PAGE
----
Dorado: One more key to the Microsoft mobile puzzle

For those attempting to decipher Microsoft's mobile roadmap, there have been codenames galore to decode. Pink. Turtle. Pure. Rouge. Zune Phone. There's one codename that isn't brand new, but is still a key piece of the Microsoft Mobile puzzle: Dorado.
Written by Mary Jo Foley, Senior Contributing Editor

For those attempting to decipher Microsoft's mobile roadmap, there have been codenames galore to decode. Pink. Turtle. Pure. Rouge. Zune Phone.

There's one codename that isn't brand new, but is still a key piece of the Microsoft Mobile puzzle: Dorado. Dorado is the codename for the Zune HD interface software for the PC. (Here's a video about Dorado that even refers to it by its codename from Central Planning TV, one of the agencies working with Microsoft on the Zune HD branding/marketing.)

As Zune HD users, of which I am one, know, the Dorado software is very un-Microsoft-like. There's no Windows Start menu, no Ribbon,  and, while it incorporates technologies developed inside Microsoft, it offers a very different kind of user experience.

Currently, Dorado is the back end hub for Zune players. But as Microsoft officials have said, the company isn't staying in the dedicated media player business; its plan is to turn Zune into a service for music subscription, video subscription and more for media players, phones, gaming consoles (and maybe PCs, too).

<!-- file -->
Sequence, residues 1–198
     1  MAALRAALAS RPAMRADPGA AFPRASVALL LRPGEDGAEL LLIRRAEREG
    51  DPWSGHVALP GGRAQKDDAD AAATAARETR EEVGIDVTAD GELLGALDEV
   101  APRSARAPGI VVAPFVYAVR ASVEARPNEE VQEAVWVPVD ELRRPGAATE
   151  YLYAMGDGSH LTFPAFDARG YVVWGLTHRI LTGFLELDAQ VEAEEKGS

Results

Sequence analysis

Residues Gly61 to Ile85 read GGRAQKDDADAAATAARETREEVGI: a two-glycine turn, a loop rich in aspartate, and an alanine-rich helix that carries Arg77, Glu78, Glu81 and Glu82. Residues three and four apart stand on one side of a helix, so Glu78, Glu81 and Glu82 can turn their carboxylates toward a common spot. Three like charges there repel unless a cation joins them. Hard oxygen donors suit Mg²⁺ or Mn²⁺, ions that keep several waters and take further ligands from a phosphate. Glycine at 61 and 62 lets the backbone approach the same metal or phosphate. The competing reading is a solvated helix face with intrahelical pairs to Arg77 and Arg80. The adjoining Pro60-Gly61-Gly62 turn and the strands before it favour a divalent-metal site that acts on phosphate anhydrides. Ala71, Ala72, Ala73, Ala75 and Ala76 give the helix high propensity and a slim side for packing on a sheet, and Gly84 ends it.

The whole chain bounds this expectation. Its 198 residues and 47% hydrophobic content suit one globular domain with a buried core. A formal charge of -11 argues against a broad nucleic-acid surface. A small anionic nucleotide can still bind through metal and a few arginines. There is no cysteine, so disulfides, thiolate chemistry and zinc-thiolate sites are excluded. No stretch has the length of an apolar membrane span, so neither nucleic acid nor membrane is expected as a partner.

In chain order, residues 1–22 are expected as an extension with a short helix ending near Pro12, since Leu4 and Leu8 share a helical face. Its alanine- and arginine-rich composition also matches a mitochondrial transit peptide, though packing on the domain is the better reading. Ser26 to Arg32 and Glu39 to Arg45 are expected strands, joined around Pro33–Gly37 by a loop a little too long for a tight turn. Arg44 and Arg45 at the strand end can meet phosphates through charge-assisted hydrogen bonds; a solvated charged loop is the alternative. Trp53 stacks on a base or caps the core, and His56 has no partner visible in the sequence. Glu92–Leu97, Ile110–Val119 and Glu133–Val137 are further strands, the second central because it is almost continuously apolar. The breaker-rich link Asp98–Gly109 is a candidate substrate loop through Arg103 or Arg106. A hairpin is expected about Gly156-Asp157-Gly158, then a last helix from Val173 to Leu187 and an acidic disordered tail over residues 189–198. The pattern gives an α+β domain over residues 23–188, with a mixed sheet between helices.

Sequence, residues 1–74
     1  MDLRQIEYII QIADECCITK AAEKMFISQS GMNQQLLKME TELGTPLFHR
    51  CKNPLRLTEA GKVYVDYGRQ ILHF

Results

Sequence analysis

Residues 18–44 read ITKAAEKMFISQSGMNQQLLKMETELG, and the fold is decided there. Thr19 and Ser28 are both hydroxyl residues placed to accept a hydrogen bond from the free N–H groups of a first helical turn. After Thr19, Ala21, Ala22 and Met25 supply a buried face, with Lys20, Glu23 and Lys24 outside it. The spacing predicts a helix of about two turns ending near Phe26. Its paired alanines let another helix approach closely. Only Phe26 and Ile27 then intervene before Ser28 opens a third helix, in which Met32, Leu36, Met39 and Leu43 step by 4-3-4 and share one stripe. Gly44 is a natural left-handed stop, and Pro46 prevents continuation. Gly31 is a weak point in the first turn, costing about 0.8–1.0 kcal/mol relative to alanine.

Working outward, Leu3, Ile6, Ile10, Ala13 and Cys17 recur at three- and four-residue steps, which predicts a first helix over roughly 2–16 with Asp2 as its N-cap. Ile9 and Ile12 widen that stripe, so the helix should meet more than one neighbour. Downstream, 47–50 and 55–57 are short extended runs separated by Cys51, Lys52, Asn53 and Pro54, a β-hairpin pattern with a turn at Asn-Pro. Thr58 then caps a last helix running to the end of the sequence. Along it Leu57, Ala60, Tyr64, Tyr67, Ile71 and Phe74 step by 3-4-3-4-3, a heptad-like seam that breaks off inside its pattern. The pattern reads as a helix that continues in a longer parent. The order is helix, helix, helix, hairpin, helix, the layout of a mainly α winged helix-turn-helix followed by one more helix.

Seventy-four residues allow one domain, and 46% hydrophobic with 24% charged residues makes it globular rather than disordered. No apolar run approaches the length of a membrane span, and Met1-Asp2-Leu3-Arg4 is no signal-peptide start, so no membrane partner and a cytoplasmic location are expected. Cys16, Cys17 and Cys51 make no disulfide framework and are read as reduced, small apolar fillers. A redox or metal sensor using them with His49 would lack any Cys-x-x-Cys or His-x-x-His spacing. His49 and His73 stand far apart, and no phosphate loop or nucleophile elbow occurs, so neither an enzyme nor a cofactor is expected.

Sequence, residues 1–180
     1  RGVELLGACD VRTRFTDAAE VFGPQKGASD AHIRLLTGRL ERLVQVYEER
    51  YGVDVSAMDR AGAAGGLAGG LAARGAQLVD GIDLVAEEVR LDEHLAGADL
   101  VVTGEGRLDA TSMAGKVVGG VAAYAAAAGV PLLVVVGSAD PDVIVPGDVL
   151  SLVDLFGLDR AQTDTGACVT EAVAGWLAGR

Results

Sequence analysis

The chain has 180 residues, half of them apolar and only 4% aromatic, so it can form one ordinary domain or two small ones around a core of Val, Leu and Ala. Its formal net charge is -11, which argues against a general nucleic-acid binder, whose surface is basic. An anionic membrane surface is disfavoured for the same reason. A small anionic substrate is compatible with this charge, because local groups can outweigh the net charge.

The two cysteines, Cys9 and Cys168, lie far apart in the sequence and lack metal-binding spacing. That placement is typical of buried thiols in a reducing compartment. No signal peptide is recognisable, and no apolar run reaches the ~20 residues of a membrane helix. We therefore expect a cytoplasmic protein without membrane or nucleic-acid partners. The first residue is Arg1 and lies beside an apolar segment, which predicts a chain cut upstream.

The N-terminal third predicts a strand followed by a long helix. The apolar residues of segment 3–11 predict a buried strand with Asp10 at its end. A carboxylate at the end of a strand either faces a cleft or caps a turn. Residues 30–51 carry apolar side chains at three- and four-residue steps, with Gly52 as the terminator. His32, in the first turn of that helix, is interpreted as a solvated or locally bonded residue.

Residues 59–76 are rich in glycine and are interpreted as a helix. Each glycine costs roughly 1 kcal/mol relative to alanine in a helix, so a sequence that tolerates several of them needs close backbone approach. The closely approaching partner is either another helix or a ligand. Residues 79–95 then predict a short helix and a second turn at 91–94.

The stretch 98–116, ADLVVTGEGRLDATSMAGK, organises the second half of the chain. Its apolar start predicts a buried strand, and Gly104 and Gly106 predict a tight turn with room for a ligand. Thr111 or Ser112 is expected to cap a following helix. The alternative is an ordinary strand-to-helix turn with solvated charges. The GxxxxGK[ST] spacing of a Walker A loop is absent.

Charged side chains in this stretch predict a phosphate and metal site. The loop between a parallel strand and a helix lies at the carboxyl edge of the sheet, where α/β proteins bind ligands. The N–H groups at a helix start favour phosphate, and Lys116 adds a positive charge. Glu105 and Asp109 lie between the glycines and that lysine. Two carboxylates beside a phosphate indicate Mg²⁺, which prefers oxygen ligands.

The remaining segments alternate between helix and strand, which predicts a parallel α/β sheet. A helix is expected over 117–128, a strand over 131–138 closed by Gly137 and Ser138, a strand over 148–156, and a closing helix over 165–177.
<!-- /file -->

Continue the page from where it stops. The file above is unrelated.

So what does that mean for Dorado? Does it become more iTunes-like, delivering not just current kinds of content, but also software, ebooks, games and more to Windows Phone and Xbox console users?

Microsoft isn't talking about Dorado's future. In fact, the company won't say much about the Zune PC software at all, as officials' reticence to discuss the new features and under-the-cover tweaks it made to the 4.2 Dorado "maintenance release" it pushed out last week. But others are willing to speculate on what might be next, given Microsoft's plan to allow phone makers to include Zune with their mobile phones.

"Dorado, the Zune app, is the equivalent to iTunes with Windows Mobile 7," said one Microsoft-savvy source of mine who requested anonymity. It will let you "sync content, buy content, update the device." And as the differences between dedicated MP3 players and cell phones continue to diminish, it's not much of a stretch for the Dorado app to be able to act as the back end for phones, too, the source said.

That sounds straightforward enough, in theory, but the reality is a lot more complex.

"Apple's App Store is integrated into iTunes on PC and Macs -- you buy Apps from within the iTunes interface. I suspect they'll do that with the iBook Store as well," said Directions on Microsoft analyst Matt Rosoff. "Microsoft's situation is much more fragmented because the stores differ based on device and content type. So for example, you can't access your Zune downloads or Zune Pass from the Xbox, even though both are entertainment devices, (yet) it might make a lot of sense to play music from your Xbox through your home stereo system. I don't think it matters as much with the other marketplaces -- you buy mobile apps from the Windows Marketplace for Mobile, and other types of apps from Microsoft's online store (or, more likely, directly from their vendors)."

Travis Pope, who is with the ZuneSpring.com site, said he wouldn't be surprised to see Zune integrated into Windows as a replacement for the current Windows Media Player.